Russia Nearing Deployment of New Intermediate-Range Naval Missile

Carter calls Moscow ‘very serious threat’
Vladimir Putin

Russian President Vladimir Putin examines transport infrustructure at the Black Sea port of Novorossiisk and adjacent area from aboard a helicopter, in Novorossiisk, southern Russia, Thursday, Aug. 20, 2015 / AP

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Russia is nearing deployment of a new missile capable of targeting all of Europe with nuclear or conventional warheads, according to defense officials.

Disclosure of the new SSN-30A missile threat comes as Defense Secretary Ash Carter on Thursday warned that Moscow under Vladmir Putin is reemerging as an existential security threat.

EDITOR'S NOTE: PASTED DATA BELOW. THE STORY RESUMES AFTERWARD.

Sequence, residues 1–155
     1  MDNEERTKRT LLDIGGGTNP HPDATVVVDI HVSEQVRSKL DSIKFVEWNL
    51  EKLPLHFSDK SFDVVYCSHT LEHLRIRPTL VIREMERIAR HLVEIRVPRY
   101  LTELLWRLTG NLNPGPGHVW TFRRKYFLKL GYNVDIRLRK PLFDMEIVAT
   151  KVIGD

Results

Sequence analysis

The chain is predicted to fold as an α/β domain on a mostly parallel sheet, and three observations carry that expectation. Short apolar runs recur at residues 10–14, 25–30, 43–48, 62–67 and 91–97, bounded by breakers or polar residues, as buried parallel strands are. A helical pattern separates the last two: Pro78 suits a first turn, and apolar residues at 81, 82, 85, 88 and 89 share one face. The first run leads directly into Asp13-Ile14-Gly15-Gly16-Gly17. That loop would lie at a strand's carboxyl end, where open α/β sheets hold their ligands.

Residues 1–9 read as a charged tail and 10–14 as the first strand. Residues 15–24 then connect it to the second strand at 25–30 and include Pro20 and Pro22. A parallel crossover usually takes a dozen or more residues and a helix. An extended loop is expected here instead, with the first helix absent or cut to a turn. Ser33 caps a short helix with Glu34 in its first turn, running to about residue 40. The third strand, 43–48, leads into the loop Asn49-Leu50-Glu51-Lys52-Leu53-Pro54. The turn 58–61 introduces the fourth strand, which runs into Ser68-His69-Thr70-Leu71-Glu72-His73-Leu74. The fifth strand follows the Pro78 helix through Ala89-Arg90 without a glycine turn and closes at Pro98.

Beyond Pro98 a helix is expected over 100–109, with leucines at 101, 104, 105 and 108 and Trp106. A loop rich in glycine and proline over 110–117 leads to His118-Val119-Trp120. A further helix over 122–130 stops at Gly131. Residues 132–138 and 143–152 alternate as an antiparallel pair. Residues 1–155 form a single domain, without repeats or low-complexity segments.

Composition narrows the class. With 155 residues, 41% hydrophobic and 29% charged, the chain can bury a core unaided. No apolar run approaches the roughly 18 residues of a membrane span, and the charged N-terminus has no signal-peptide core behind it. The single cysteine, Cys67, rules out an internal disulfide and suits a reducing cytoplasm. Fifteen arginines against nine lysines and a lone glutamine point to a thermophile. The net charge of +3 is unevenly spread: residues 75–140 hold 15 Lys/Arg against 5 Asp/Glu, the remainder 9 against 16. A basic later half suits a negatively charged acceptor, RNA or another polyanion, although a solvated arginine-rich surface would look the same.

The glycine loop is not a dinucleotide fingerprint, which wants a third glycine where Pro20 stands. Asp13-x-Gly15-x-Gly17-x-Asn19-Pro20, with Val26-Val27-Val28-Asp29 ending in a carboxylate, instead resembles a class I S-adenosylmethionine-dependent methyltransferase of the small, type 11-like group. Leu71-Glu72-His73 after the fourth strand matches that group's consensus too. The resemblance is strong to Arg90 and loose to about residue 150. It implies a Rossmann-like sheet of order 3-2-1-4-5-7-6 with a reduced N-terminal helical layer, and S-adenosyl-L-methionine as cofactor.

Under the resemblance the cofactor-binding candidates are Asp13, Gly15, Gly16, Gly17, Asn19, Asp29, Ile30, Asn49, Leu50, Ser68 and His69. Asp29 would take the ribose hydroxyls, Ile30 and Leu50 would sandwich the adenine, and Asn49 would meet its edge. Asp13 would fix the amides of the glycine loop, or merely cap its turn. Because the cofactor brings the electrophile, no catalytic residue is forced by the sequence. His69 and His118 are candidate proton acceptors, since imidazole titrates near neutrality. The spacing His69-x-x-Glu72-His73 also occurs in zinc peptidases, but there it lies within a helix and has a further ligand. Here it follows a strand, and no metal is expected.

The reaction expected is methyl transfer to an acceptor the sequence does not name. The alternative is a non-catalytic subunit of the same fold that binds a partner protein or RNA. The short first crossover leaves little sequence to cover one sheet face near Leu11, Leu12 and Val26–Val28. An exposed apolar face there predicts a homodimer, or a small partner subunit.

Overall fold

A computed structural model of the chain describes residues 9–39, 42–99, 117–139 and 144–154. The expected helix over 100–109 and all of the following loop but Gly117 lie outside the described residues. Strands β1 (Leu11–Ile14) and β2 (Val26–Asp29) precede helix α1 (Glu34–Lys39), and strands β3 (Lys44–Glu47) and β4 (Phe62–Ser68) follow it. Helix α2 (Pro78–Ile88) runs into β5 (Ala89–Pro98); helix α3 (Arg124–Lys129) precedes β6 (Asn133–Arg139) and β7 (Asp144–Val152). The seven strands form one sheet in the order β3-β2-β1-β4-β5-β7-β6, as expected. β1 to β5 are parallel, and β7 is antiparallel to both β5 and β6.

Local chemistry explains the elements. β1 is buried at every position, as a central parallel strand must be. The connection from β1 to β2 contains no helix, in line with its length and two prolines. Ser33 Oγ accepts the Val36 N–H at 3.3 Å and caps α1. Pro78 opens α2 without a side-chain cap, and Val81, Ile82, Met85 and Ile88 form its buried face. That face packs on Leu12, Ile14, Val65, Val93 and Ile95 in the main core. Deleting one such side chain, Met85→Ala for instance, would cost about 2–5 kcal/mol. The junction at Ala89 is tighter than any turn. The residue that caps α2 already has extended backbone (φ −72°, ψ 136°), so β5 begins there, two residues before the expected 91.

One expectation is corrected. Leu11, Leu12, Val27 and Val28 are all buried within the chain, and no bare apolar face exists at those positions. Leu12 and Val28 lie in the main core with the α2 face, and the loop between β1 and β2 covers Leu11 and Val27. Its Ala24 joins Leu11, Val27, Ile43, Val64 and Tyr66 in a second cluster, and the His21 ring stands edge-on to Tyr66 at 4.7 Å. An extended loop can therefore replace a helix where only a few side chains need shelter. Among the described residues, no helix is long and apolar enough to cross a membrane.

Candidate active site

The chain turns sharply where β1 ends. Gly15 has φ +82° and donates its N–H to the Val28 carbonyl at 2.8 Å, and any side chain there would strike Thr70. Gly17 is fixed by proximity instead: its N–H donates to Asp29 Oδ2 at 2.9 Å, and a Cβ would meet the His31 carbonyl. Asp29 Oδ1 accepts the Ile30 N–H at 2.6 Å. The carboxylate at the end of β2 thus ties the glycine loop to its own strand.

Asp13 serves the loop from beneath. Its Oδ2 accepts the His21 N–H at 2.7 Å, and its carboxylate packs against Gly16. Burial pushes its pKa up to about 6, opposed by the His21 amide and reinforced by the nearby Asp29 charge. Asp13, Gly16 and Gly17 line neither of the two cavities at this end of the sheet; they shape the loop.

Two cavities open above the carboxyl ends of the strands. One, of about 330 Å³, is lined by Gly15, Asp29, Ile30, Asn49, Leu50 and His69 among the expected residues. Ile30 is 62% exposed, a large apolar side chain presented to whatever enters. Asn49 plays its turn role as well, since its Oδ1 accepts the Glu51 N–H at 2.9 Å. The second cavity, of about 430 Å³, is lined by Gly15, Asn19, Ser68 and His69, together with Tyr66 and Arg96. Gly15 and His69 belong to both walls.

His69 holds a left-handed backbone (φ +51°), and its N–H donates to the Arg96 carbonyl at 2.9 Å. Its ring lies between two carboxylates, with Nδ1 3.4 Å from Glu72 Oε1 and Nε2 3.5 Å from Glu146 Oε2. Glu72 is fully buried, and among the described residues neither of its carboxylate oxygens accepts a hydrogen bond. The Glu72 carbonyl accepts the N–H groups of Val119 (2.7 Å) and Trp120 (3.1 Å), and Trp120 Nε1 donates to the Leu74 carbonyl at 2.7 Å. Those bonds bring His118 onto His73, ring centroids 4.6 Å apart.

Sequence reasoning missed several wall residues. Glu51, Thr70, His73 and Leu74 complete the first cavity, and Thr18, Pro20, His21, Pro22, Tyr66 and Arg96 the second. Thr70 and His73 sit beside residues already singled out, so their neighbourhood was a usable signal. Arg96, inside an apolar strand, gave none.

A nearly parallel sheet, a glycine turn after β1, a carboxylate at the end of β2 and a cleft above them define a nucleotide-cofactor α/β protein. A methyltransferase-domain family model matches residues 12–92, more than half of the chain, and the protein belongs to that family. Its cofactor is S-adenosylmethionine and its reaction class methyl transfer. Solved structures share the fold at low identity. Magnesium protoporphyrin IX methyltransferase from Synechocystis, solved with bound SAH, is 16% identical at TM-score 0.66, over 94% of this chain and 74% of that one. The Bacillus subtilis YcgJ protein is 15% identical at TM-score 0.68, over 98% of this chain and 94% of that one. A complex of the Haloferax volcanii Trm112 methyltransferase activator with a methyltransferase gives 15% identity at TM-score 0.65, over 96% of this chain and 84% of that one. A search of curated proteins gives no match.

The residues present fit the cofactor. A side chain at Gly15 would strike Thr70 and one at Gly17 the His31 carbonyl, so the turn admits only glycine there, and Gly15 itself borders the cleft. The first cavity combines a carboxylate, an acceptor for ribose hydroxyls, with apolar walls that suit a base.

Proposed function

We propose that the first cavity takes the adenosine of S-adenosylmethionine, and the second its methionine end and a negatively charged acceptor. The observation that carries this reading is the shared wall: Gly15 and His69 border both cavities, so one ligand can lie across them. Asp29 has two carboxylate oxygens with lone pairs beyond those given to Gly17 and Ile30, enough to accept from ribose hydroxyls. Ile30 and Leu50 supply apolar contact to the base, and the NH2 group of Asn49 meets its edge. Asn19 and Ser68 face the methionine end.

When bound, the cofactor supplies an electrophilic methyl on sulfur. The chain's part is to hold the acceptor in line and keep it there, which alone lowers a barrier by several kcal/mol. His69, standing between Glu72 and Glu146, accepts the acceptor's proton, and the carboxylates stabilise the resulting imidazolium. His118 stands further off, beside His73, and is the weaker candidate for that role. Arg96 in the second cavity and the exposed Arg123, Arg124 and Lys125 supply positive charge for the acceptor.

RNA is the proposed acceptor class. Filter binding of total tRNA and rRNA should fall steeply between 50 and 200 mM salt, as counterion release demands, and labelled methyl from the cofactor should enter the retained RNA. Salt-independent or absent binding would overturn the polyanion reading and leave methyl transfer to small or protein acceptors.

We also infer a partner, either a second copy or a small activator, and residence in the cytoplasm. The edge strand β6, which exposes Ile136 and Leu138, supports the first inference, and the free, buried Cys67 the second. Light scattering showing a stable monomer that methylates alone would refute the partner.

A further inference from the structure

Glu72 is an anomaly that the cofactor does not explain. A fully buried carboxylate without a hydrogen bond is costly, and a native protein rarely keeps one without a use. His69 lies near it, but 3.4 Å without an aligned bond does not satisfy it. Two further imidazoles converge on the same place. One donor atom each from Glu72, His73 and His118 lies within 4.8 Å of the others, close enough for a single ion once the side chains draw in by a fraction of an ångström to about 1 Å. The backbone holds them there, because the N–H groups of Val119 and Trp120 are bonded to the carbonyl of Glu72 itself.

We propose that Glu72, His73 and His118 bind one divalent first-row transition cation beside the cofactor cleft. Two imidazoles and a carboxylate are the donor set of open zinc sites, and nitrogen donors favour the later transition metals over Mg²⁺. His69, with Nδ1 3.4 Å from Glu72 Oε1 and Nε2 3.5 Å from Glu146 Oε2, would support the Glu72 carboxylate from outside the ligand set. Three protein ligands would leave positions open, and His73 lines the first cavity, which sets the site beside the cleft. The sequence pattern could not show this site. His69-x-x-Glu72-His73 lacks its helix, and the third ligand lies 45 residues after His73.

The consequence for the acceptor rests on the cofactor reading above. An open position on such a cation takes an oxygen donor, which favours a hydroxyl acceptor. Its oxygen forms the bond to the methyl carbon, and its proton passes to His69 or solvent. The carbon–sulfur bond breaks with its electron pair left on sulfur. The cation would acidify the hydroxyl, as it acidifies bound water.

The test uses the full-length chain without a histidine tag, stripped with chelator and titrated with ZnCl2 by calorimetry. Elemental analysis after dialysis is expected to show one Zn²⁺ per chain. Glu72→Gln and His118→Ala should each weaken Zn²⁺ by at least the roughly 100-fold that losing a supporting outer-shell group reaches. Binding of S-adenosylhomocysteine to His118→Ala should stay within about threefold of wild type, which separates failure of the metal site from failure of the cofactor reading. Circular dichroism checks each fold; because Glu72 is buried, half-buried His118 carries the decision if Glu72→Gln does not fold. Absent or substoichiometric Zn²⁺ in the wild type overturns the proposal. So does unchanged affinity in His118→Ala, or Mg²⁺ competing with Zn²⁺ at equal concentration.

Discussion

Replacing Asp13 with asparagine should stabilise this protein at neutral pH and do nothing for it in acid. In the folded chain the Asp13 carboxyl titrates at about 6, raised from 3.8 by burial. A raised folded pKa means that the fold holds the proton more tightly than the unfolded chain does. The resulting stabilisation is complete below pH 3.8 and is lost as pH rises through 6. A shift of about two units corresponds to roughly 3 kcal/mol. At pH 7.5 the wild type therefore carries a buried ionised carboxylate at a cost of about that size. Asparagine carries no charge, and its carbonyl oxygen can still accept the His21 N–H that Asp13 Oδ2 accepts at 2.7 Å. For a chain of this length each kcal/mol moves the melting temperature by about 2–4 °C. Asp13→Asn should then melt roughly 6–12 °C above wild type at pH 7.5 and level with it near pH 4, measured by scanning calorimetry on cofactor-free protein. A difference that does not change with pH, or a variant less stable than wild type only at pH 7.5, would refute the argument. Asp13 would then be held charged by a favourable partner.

Russia “is a very, very significant threat,” Carter told reporters at the Pentagon. “And I think a point that they’ve made, but I would certainly make: Russia poses an existential threat to the United States by virtue simply of the size of the nuclear arsenal that it has.”

Regarding the SSN-30A, designated as the “Kalibr” missile, Pentagon officials said the new naval weapon can be equipped with both nuclear and conventional warheads and can reach most of Europe when fired from ships in the Black Sea.

The longer-range version of the Kalibr can reach between 620 and 923 miles. A shorter range version can hit targets at distances of up to 180 miles.

A cruise missile variant also is being developed that officials said appears to violate the 1987 Intermediate-Range Nuclear Forces (INF) Treaty.